US regulator orders inspection of jet engines after Southwest tragedy

US regulator orders inspection of jet engines after Southwest tragedy

Inspections of jet engines in the US are to be ordered after a mid-air explosion punctured a Southwest Airlines’ aircraft window, killing a passenger.

The Federal Aviation Administration said the “airworthiness directive” will require inspections of a large number of CFM56-7B engines.

Fan blades that have undegone a certain number of flights will be given ultrasonic tests.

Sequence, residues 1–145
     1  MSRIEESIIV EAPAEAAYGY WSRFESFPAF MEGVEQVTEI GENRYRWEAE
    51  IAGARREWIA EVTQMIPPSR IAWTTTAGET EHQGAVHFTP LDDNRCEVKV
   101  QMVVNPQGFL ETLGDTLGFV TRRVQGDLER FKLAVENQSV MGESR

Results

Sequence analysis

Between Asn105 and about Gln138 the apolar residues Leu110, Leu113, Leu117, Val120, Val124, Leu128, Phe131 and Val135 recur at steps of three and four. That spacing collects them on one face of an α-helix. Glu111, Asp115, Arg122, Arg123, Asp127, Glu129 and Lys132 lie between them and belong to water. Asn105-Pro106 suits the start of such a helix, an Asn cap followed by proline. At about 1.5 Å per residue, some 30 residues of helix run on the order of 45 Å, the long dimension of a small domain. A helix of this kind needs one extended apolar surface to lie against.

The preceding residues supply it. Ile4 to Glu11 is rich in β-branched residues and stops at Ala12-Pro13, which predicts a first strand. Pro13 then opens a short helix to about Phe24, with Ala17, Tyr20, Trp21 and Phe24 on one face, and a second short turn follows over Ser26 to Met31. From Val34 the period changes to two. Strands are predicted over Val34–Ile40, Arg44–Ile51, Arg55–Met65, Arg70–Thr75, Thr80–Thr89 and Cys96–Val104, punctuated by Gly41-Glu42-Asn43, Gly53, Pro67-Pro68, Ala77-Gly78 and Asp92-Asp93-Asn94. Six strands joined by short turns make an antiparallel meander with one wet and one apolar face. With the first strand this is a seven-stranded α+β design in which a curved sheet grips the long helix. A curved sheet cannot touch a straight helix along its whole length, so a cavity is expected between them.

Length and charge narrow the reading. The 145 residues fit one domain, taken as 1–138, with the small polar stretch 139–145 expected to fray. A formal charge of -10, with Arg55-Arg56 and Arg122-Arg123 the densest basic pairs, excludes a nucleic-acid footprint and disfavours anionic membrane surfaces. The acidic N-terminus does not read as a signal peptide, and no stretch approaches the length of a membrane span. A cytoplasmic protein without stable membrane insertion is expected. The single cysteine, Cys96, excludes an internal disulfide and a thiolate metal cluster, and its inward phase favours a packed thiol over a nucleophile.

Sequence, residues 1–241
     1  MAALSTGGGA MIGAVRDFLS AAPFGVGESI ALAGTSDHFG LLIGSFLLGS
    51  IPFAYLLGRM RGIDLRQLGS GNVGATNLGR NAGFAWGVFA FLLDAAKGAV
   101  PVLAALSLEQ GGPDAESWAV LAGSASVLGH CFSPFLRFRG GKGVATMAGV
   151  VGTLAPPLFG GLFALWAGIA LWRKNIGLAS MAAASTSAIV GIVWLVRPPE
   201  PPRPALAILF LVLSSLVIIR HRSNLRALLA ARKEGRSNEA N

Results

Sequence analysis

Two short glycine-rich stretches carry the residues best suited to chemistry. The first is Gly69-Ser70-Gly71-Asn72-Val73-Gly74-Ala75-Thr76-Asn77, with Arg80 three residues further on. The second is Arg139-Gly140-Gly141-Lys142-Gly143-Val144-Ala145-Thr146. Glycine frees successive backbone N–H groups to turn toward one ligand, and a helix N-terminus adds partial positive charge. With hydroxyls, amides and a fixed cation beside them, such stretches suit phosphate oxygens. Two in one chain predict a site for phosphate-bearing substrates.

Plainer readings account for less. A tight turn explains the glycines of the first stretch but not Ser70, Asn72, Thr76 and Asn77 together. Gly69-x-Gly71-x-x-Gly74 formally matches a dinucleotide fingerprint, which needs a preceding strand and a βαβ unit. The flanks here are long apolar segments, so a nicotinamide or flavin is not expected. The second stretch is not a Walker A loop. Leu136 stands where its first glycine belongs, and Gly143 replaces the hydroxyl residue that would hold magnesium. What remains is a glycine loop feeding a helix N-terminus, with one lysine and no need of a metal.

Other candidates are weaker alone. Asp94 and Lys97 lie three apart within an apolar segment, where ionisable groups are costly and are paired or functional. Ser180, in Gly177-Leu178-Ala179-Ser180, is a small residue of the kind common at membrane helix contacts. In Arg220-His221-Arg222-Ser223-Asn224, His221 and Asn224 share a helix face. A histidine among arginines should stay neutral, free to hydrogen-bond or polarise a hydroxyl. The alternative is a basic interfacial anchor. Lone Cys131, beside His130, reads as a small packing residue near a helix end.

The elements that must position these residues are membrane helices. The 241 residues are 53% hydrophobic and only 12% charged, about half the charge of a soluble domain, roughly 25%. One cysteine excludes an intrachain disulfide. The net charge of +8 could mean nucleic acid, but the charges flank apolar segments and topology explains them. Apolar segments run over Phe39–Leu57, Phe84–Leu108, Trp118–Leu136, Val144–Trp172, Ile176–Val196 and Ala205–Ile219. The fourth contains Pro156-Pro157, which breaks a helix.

A female passenger died after being nearly sucked out of the cabin.

Southwest Airlines Flight 1380 from New York to Dallas with 149 people on board was forced to make an emergency landing at Philadelphia airport on Tuesday.

The CFM56-7B engine is in use on more than 8,000 Boeing 737s worldwide, the manufacturer says.

The FAA said its order for engine inspections would be issued within the next two weeks.

Other airlines with aircraft fitted with CFM56-7B engines, including United Airlines, American Airlines and Delta Air Lines, said they had begun inspecting some of their aircraft, the BBC reported.

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